Fit Recovery

Home » Cycling » Not Exactly Vindication On My Trek’s Chain Line Fix; Don’t Shim the Cassette, Baby! Part THREE. Trouble in Paradise… Followed by… erm… Paradise in Paradise!

Not Exactly Vindication On My Trek’s Chain Line Fix; Don’t Shim the Cassette, Baby! Part THREE. Trouble in Paradise… Followed by… erm… Paradise in Paradise!

September 2021
M T W T F S S
 12345
6789101112
13141516171819
20212223242526
27282930  

So, I’ve come a long way to find out my problem wasn’t so much in the chain line, though that was definitely some of the issue with the shifting on my Trek. It’s a lot more complex than that, though.

I’ve had to re-write this post three times… because every time I thought I found a solution, the bastard would skip on me in the little ring once I got to laying down real power to it.

I thought it was the chain line… shimming the cassette did help, but that was to cover a different, smaller, harder to find problem. My low limit set screw wasn’t set right so the pulley wheel wasn’t… erm… low enough. Fixing the rear derailleur set screw took out the need for the extra shim behind the cassette. The fix also helped considerably with the skipping, but it didn’t completely remedy the situation, either.

Whilst on the third day of DALMAC and conversing with the owner of the LBS, he put it succinctly, “Let me get this straight. This only happens in the little ring? You just need a new chainring.”

I wanted it to be a mistake I’d made. That would be simpler. Clean. Easier. Just fix what I’d done wrong, and bam! Good to go.

That night I ordered a big and little 50/34 chainring. I didn’t mess around, either. I bought Shimano 105 chainrings. Now my drivetrain is complete Shimano from stem to stern. 105 everything except the chain and cassette which are Ultegra.

And oh my, is it beautiful.

I took the bike out for a test last evening just before dusk (and I mean just) and I could tell within a pedal stroke, the bike was, if not completely fixed, vastly improved. The 105 chainrings are smooth when contrasted against the aftermarket SRAM chainrings I had on the Trek previously.

Now, I don’t have a decent hill within 15 miles of my house so I’ve had to make due when I test the tenacity of my drivetrain… I don my cycling shoes, wheel my bike out to the front yard, get the bike into the small ring in the driveway and turn onto the grass. Then I pull the brakes. I can simulate a 20% grade easy by turning the crank with the brakes pulled (carefully modulated so I don’t stop dead and fall over, which is why this was done on the grass in the first place, just in case… that the grass provides a little more resistance was just a bonus).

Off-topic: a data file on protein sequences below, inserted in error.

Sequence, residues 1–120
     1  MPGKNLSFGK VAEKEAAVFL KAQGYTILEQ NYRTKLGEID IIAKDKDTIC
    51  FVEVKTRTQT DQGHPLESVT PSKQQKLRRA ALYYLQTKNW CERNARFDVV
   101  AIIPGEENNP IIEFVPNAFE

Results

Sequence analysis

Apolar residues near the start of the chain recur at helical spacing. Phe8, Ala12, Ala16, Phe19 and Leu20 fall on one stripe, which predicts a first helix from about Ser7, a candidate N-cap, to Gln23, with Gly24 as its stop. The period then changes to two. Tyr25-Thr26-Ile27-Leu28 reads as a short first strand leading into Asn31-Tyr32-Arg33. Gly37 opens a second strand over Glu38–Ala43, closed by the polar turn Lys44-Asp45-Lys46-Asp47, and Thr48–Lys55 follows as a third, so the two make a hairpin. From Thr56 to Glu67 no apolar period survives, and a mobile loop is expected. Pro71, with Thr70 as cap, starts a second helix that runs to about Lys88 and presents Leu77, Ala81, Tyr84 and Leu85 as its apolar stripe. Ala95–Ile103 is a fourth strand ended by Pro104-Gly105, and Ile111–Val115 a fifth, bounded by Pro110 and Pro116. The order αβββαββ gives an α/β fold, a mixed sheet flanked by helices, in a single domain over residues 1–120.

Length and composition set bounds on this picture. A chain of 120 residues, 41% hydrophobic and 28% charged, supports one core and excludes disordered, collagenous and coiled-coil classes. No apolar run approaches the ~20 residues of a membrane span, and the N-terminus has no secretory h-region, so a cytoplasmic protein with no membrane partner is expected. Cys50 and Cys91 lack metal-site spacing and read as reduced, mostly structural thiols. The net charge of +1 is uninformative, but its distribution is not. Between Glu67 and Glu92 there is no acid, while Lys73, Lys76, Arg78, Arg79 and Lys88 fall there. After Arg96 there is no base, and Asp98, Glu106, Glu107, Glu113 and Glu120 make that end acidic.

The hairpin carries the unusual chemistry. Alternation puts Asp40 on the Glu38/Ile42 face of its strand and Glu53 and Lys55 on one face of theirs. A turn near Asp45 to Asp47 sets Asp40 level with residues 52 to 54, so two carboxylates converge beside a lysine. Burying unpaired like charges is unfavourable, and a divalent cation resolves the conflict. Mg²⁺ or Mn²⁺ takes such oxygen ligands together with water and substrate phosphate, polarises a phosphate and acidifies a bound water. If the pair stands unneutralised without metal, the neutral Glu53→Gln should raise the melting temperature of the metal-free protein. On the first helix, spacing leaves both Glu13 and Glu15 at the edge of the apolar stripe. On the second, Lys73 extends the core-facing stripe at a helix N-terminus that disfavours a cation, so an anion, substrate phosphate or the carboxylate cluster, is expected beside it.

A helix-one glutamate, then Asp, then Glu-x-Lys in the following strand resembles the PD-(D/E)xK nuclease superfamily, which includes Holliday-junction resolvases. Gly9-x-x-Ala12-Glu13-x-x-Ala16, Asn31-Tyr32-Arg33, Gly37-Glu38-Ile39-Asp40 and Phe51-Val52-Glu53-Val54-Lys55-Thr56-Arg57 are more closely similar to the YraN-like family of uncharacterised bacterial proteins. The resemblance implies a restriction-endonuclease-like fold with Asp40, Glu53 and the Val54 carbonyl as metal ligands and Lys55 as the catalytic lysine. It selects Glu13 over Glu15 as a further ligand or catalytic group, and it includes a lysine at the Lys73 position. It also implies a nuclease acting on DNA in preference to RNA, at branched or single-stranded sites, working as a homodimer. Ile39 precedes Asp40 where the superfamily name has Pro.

Not a skip, and I did pull the brakes hard enough I almost fell over. It took me a month of farting around to nail this down, but in the end it really just came down to needing a new small chainring. Now, in fairness, as little as I use the baby ring, I couldn’t believe I’d need a new one already. And then there was missing the setup on the low limit screw slightly. And a barrel adjustment problem in transit on the car rack… but whatever, it’s done! It’s paradise in paradise, now!


8 Comments

  1. Anthony says:

    Persistence pays off. Glad you could finally nail it down.

  2. Did you remove the cassette shim also?

  3. kirkmtb says:

    The cassette, chain and chainrings all wear together. On an MTB we get a lot of wear and I’d never replace just one component because I’d surely get the kind of skipping you’ve experienced. The exception is the chain but you need to measure for stretch and if it’s gone too far you’re too late to replace it. You might be best to get through the winter then go for a complete new setup for next year which would give you years of perfection. My own Trek, a Fuel EX8, started skipping in the spring this year so I need to replace the lot for this winter.

    • bgddyjim says:

      I’m a maintenance hound. The chainrings last a decade or more under normal circumstances on a road bike. I have a Park Tool chain checker and check/replace chains as needed. Cassettes typically last the life of two chains (usually I get a season out of a chain because I keep them up so well… and I split time between two bikes). 👍

Leave a Reply

Fill in your details below or click an icon to log in:

WordPress.com Logo

You are commenting using your WordPress.com account. Log Out /  Change )

Google photo

You are commenting using your Google account. Log Out /  Change )

Twitter picture

You are commenting using your Twitter account. Log Out /  Change )

Facebook photo

You are commenting using your Facebook account. Log Out /  Change )

Connecting to %s

%d bloggers like this: